Posted by: Patricia Salkin | October 22, 2017

TX Appeals Court Holds Developer’s Removal of Additions to Original Historic Residence Did Not Require a Demolition Application

Property owners sought approval of their proposed project involving renovation of the historic residence and new construction of a six-unit apartment complex on the undeveloped portion of the property. The City of San Antonio’s Historic and Design Review Commission (“HDRC”) and the City’s Board of Adjustment (“BOA”) approved the project and issued a Certificate of Appropriateness. The River Road Neighborhood Association and James A. Cullum, Jr. (collectively, “RRNA”) sought judicial review of the approval in district court, and obtained a summary judgment in their favor. The property owners and developers, Five Aces/SA, Ltd., Reilly Brothers Property Co., LLC, Asher Reilly (collectively, “Reilly”), and the BOA appealed the trial court’s judgment reversing approval for the project and withdrawal of the Certificate of Appropriateness.
On appeal, Reilly contended that the trial court erred in granting summary judgment for the RRNA because the BOA’s approval of the Certificate of Appropriateness for the proposed Project was based on a correct application of the governing UDC provisions, sections 35-451 and 35-610. Reilly further claimed that, because the Project only required a partial removal of portions of the structure that were limited to the non-historic, “noncontributing” additions made to the original historic residence, it was considered a “restoration” or “rehabilitation” and no separate application for demolition was required. In contrast, RRNA argued that the BOA’s approval of the project was an abuse of discretion, because the proposed work included “the removal of approximately one-third of the existing rear structure,” which constituted a “partial removal of a structure” or “partial razing” – requiring a separate application.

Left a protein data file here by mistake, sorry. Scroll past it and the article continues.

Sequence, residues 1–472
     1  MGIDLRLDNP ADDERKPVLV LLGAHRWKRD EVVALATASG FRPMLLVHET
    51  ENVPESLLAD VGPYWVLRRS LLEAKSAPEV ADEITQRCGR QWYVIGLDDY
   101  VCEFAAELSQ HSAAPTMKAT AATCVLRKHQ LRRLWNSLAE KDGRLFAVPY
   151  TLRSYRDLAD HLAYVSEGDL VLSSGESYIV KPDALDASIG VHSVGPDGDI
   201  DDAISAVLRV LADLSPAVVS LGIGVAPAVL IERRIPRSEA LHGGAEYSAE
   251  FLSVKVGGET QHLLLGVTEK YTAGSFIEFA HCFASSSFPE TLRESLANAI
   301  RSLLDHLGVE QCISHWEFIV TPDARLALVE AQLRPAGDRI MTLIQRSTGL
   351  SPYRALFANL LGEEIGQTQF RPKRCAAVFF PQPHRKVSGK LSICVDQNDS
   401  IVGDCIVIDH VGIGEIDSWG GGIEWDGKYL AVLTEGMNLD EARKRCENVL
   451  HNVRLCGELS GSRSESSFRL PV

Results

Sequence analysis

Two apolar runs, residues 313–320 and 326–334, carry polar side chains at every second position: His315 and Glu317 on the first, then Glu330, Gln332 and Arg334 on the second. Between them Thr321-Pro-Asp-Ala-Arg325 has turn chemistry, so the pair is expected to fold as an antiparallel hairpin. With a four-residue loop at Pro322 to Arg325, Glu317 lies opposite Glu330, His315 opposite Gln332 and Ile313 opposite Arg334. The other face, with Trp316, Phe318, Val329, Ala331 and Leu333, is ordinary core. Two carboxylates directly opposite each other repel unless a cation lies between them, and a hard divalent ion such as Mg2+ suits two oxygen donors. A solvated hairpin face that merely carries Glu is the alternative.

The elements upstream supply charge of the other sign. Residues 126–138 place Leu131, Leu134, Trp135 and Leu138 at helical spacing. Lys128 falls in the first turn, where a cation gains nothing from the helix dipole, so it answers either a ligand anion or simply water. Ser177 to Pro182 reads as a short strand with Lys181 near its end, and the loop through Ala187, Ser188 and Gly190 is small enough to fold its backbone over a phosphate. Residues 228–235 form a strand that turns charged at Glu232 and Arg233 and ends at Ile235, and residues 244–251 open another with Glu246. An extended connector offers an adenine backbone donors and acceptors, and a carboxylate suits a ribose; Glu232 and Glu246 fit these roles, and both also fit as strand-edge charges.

After reviewing the statutory text, the court found that the plain meaning of the terms “restoration,” “rehabilitation,” and “alteration,” as defined in the UDC, encompassed making structural changes to the existing historic structure, including removals of non-historic and noncontributing additions, as part of the overall restoration or rehabilitation process. The court further determined that the actions described in the definition of “demolition” suggested removal as an end in itself, not as part of the building’s restoration or rehabilitation. Thus, pursuant to section 35-611, the HPO was authorized to approve demolition of “non-historic additions” and “non-historic accessory structures” under the single Project application, without a separate demolition application and review process. The court held that this interpretation was supported by plain statutory language, and did not constitute a misapplication of the law. Accordingly, the court reversed the trial court’s summary judgment, and instructed the BOA to re-issue the Certificate of Appropriateness for the Project.
Five Aces v River Road Neighborhood Association, 534 SW 3d 598 (TX App. 7/12/2017)

This post was authored by Matthew Loeser, Esq.


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